How to become a key player in the Gaming industry

“Video games are bad for you? That’s what they said about rock-n-roll.” Shigeru Miyamoto

It’s been a monumental year in the world of Game development. From Call of Duty: Modern Warfare to Grand Theft Auto V, Resident Evil 7: Biohazard, and countless other games that have captivated gamepad-bearing buffs all over the globe.

Long gone are the dingy days of enthusiasts coding from the deep depths of their rooms. Today, Gaming represents a thriving business, with highly-skilled teams at least 200-strong enlivening the industry with big vision – and even BIGGER budgets.

Here we see the Computer Game in its prime. Digital distribution has allowed content to reach a much larger audience than we’ve ever seen before, with games now being channelled directly to our consoles, phones, tablets and PCs. The technology revolution has revitalised the field, establishing independent streams of revenue while expanding key existing markets to brand-new innovators and consumers.

Alex Kotliarskyi

It’s a business that’s both lucrative and rich with opportunity. In the US alone, the Video Game industry is worth a staggering $18.4 billion, a figure that’s expected to exceed 20 billion by the time we hit 2020. With profits that dwarf those coming out of Hollywood and also dominate music business numbers, Gaming attracts a consistent global pool of talent other sectors just can’t match.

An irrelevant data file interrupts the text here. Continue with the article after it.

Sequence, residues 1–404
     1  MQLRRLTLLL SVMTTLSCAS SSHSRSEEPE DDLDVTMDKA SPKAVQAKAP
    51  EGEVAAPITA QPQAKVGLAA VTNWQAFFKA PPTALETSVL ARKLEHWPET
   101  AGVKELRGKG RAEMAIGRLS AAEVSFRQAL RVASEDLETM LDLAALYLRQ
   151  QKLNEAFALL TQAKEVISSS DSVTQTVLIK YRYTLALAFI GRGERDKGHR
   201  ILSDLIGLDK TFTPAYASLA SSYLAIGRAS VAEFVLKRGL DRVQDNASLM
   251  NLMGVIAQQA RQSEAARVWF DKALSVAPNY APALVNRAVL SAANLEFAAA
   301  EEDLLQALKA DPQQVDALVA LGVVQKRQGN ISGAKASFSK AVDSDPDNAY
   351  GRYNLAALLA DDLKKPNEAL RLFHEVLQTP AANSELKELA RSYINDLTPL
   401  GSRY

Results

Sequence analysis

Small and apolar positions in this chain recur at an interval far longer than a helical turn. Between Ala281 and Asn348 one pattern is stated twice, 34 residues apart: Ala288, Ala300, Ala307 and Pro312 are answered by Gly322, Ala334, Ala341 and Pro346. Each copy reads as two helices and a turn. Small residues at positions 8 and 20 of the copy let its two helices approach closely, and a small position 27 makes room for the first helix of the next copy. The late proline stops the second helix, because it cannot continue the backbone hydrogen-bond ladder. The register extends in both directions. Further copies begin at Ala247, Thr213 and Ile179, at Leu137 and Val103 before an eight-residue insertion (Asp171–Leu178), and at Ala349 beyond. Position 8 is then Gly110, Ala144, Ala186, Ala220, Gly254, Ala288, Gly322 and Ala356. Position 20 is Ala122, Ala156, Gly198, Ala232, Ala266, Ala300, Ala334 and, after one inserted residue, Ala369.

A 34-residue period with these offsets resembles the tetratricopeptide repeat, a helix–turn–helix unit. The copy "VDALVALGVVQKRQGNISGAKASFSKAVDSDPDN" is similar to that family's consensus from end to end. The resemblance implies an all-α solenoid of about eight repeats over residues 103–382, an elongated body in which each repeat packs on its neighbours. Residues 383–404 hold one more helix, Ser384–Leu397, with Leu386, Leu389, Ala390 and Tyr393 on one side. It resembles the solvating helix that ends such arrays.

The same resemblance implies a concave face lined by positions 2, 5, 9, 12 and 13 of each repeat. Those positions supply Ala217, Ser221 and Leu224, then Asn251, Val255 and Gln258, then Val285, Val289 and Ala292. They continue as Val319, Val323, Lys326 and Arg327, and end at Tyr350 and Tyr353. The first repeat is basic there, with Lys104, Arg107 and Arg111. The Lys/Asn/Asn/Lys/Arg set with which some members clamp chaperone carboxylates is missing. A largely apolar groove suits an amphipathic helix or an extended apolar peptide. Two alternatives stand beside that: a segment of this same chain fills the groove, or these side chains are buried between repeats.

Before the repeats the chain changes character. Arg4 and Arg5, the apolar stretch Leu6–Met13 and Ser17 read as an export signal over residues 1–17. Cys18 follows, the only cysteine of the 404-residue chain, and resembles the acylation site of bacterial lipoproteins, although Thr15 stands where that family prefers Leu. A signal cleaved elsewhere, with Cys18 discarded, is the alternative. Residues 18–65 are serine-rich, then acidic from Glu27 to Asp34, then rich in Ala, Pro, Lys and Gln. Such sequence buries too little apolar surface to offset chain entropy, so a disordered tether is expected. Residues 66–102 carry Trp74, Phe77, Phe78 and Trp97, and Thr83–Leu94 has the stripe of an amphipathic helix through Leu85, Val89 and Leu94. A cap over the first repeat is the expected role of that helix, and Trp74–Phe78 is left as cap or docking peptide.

But in a fast-evolving pool of qualified graduates, how do you become a key player in the global gaming industry?

“I would advise prospective students who are hoping to become key players in the gaming industry to study maths and physics or to draw” says Steven Longden, Director of Admissions for DigiPen Institute of Technology – a known leader in Game Development education.

“The industry needs people who can write software using code – code is all about maths and physics,” he adds. “Students with great maths and physics preparation learn to program much more rapidly than students who have programming experience but poor skills in maths and physics. For animation artists, the advice is for them to draw, draw, and then draw some more!”

The industry is a key employer for aspiring creatives. Worldwide, forward-thinking educators have recognised the industry’s potential, implementing elite, affordable programs for would-be gaming professionals. These are as diverse as the opportunities in the industry itself, and span the scope of disciplines from coding and level design, to concept art and marketing.

Aside from all this, competitive salaries and unparalleled employment prospects are a constant draw, with many craving the excitement derived from the world’s most fruitful and dynamic entertainment sector. Fast-changing and increasingly powerful technologies are inspiring new possibilities in Gaming at an astonishing rate – so if you’ve been thinking of investing in a Gaming education, there’s no better time than now to delve in and get involved.